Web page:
Meanwhile, the French government hinted at more concessions to "Yellow vest" protesters on Thursday in a bid to head off another wave of violence in the capital over living costs and regain the initiative after weeks of civil unrest.
The demonstrations, which began on November 17, sparked on Saturday Paris' worst rioting in decades, with protesters clashing with police, setting fire to vehicles and looting shops around the capital's famed Champs Elysees avenue.
Some 89,000 security personnel will be deployed across the country on Saturday ahead of the fourth weekend of planned rallies, French Prime Minister Edouard Philippe said on Thursday.
He refused suggestions that he resign in the wake of the worst riots in Paris since 1968.
A poll on Tuesday found that 71 percent of French people were behind them, but the same proportion believed that the movement should stop if the government backed down on fuel tax hikes.
These so-called carbon taxes are expected to be a major part of pushing the world to reduce carbon dioxide emissions and try to prevent runaway climate change that economists say would be far more expensive over the long term than paying more for energy in the short term.
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The 'ndrangheta is Italy's most powerful criminal organization, eclipsing by far Sicily's Cosa Nostra or the Naples area Camorra. Hundreds of police are understood to have been involved in the operation in Belgium, Italy, Germany and the Netherlands.
Philippe told lawmakers he would consider new measures to help the lowest-paid workers.
President Emmanuel Macron must pursue tax-friendly policies towards foreign investors if he wants French startups to flourish, visiting Silicon Valley investors told Reuters on Thursday.
He urged "yellow vest" protesters to stay home for their own protection from those who could hijack the protests, after demonstrations in Paris last Saturday degenerated into rioting and looting.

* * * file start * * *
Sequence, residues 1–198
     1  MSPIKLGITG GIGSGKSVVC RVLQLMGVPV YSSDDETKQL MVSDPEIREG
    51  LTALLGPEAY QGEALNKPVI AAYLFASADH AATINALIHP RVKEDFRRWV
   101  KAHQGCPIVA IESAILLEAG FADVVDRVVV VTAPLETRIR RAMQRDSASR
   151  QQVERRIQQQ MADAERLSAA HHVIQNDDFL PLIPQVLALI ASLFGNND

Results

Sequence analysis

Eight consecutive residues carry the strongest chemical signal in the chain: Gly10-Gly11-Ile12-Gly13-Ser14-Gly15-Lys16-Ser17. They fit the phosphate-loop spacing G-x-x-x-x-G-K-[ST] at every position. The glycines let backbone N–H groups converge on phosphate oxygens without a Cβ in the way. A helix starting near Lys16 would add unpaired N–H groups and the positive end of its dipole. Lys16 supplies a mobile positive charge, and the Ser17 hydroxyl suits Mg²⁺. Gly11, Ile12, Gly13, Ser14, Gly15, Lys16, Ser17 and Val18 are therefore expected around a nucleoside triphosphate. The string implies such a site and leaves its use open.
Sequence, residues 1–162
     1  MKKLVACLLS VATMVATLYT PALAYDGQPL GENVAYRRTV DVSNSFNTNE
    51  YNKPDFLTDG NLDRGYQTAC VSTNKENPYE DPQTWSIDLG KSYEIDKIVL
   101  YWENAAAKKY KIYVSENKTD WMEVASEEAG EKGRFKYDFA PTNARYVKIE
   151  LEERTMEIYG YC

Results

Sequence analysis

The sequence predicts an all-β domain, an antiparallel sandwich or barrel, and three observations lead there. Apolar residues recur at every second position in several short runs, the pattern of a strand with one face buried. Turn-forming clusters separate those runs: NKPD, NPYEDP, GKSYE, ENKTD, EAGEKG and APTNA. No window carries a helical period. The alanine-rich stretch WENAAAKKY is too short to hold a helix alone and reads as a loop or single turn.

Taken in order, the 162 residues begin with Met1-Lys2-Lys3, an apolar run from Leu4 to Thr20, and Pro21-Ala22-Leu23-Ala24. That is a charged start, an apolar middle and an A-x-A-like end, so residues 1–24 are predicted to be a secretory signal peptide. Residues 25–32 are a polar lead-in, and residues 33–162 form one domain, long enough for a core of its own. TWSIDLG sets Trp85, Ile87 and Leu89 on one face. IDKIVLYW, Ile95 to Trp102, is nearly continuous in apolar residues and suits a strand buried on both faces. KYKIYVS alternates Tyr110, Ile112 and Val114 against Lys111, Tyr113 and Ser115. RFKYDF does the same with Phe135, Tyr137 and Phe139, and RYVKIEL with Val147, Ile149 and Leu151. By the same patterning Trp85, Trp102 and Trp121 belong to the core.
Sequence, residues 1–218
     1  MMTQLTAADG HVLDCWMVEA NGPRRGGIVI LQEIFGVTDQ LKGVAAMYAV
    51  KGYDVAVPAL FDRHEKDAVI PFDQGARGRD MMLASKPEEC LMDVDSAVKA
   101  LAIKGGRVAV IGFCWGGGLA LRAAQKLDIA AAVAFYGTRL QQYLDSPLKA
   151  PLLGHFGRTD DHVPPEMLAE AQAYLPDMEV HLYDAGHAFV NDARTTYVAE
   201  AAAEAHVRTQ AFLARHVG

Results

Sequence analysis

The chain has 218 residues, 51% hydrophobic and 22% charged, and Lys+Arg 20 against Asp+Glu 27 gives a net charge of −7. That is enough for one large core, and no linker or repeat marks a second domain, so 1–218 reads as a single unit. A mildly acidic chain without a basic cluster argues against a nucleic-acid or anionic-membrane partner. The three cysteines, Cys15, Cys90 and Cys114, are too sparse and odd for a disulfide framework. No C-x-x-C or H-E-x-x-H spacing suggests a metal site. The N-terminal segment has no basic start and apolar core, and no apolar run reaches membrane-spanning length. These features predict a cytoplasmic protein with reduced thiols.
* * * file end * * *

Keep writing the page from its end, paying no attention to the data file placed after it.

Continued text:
The government is considering mobilising the military to protect important national monuments, French broadcaster BFMTV reported, after the world-famous Arc de Triomphe was damaged last week.
Philippe said the state would do all it could to maintain order. Two police union officials told The Associated Press they are anxious that radical troublemakers from both the far-right and far-left will hijack the protests to cause even greater damage this Saturday.
The Eiffel Tower, museums and shops will be closed Saturday and at least four first-division football matches have been canceled.
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Jobson says Meghan has been "muted" by the Royal family so far but notes she is clearly "not afraid to use her voice". The tennis champion and the former actress became close friends after their initial meeting at the 2010 Super Bowl.
Confirming that the fuel tax had been abandoned, he told senators that the calm of most protesters around the country contrasted with the "extreme violence" seen in Paris.
Security sources said the government was considering using troops now used on anti-terrorism patrols to protect public buildings.
One of the main measures implemented by the French government to boost business and investment after Macron's election previous year was to set a flat tax of 30 percent on all capital income and remove the top marginal band of payroll tax. "So far, we haven't seen an unexpected dip in tourism, people are still booking".
It's these "sans dents" (literally "without teeth"-a term of contempt reportedly used by former Socialist president Francois Hollande to describe the common people) who flocked to the cities to protest against the tax hikes".
The unrest has exposed the deep-seated resentment among non-city dwellers that Macron, whose popularity is now at about 20 per cent, is out-of-touch with the hard-pressed middle class and blue-collar workers.
Students opposing changes in key high school tests protested again Friday, a day after video that was shared widely on social media showed the arrest of high school pupils outside Paris and prompted an outcry.
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Despite the initial optimism generated by Kim and Trump's June summit meeting in Singapore, little has transpired since then. He later closed his country's only known nuclear test site and offered to demolish a stand for testing missile engines.
But violent troublemakers who pillage and riot - "that's something else", he also said.